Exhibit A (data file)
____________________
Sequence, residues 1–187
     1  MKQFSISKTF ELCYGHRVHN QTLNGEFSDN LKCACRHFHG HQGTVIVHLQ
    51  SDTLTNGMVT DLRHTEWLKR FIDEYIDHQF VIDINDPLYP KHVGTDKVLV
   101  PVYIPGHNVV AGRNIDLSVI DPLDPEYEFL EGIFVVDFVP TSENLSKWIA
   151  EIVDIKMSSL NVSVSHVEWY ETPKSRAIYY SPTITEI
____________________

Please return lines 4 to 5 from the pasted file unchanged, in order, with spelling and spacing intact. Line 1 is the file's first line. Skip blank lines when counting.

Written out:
   101  PVYIPGHNVV AGRNIDLSVI DPLDPEYEFL EGIFVVDFVP TSENLSKWIA
   151  EIVDIKMSSL NVSVSHVEWY ETPKSRAIYY SPTITEI